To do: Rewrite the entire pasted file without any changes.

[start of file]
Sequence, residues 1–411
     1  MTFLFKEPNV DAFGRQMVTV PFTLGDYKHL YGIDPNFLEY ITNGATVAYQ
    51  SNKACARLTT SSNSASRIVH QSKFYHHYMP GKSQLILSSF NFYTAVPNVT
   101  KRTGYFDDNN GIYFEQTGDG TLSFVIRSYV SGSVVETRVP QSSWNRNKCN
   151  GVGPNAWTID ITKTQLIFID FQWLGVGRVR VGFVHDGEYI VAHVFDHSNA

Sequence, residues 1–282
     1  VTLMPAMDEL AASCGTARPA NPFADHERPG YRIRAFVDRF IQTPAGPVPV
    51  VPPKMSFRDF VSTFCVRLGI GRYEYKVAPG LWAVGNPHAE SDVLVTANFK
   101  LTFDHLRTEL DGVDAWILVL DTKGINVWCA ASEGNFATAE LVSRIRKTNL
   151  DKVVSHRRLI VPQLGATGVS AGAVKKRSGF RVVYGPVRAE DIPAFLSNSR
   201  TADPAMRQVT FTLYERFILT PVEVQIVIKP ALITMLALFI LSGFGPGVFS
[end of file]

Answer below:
Sequence, residues 1–411
     1  MTFLFKEPNV DAFGRQMVTV PFTLGDYKHL YGIDPNFLEY ITNGATVAYQ
    51  SNKACARLTT SSNSASRIVH QSKFYHHYMP GKSQLILSSF NFYTAVPNVT
   101  KRTGYFDDNN GIYFEQTGDG TLSFVIRSYV SGSVVETRVP QSSWNRNKCN
   151  GVGPNAWTID ITKTQLIFID FQWLGVGRVR VGFVHDGEYI VAHVFDHSNA

Sequence, residues 1–282
     1  VTLMPAMDEL AASCGTARPA NPFADHERPG YRIRAFVDRF IQTPAGPVPV
    51  VPPKMSFRDF VSTFCVRLGI GRYEYKVAPG LWAVGNPHAE SDVLVTANFK
   101  LTFDHLRTEL DGVDAWILVL DTKGINVWCA ASEGNFATAE LVSRIRKTNL
   151  DKVVSHRRLI VPQLGATGVS AGAVKKRSGF RVVYGPVRAE DIPAFLSNSR
   201  TADPAMRQVT FTLYERFILT PVEVQIVIKP ALITMLALFI LSGFGPGVFS